Understandably, mounting death from illegal weapons worry politicians and citizens alike, but worrying is not a catalyst for the magnitude of fatalities from illegal fire arms. When an island of 133 square miles, with a population about 110,000, has 34 murders already committed and the year has not ended, this is madness. The time for political correctness is over and an urgent need to address the root of the problem is now.
If a tree is infected, it has to be treated at the roots. Leaders have to be honest about the problems and be willing to take measures to fix the violent epidemic that is permeating the island and not allow hollow words that are expedient for political purposes. In 2007, there was a report which noted that murder rates in the Caribbean, at 30 per 100,000 population annually, are higher than any other region of the world. This disturbing phenomenon can stump the growth of the islandâs economy, and impede social development. So, leaders have an obligation not only to protect law-abiding citizens, but to create a tranquil atmosphere to reduce anxiety from investors in the island and the tourist industry. If the bleeding does not stop, other fissures from gun violence could spring up; for example, injuries resulting from gun violence will have profound impact on public health systems, as well as social and economic problems for the country. What is the cause of the increase of guns in SVG?
I am not an expert in criminology, but the demand for narcotics can cause a surge of illegal guns and the side effect is violence. People who are marginalized or economically deprived may be tempted into selling drugs. I also think some ships that are coming in ports are engaging in illegal activities all along the Caribbean archipelago and the Americas. Young people who are on the fringes of economic prosperity need more social outreach because they are disproportionately represented in the incidence and severity of gun violence. They can be perpetrators of violent crimes, as in many countries and SVG is no exception; so, great help is needed with the youths. If an analysis is done, it will expose a variety of risk factors which contribute to the prevalence of youth violence, including poverty, youth unemployment, large-scale migration from other islands, drug trafficking, a weak education system, ineffective policing, the widespread availability of weapons, drug and alcohol use, and the presence of organized gangs and the list goes on and on. I will continue to be a resilient advocate for a solution for a better SVG.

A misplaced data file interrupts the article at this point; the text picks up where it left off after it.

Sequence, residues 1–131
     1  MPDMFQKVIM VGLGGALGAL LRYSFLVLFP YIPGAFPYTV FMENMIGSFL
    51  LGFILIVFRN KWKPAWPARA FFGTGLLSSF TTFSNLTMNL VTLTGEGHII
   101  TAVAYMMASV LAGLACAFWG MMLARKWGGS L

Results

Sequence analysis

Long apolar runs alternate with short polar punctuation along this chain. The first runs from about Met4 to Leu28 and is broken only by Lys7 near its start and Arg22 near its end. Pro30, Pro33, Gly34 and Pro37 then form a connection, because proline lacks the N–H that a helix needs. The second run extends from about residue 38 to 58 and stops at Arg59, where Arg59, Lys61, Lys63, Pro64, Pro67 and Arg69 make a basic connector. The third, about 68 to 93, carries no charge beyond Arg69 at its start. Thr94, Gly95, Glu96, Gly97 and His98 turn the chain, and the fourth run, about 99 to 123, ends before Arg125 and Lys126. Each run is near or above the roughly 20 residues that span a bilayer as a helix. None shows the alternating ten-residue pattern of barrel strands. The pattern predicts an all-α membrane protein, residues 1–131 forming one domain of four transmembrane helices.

Finally, in the distribution of drugs and guns, I look at South America as the tree and the branches are the Caribbean islands. This scenario is a metaphor, but the consequences are very real, and dangerous. The region might be porous and the presence of gangs, drug dealers, and other illicit actors with large financial resources creates a high demand for arms that filters through the archipelago. Also guns may be coming in through the customs and airport if security is lapse. Another area guns can get into the island is by sea. We have a very small underfunded coastguard that patrols a lot of dark areas. A more frequent symposium with Caribbean regional partners should be established. The collaboration can network between immigration, security and police to track criminals. Also the US deports people who have committed serious crimes. These deportees should be in a registry and monitored. Innocent civilians being cut down by illegal guns should not be the new normal; the island that once prided itself as one of the safest is under siege by violence. I am not implying that my ideas have not been tried before; some times the authorities might have to use draconian measures similarly to Duterteâs principle (the president of the Philippines), or to a lesser degree, job empowerment for the youths.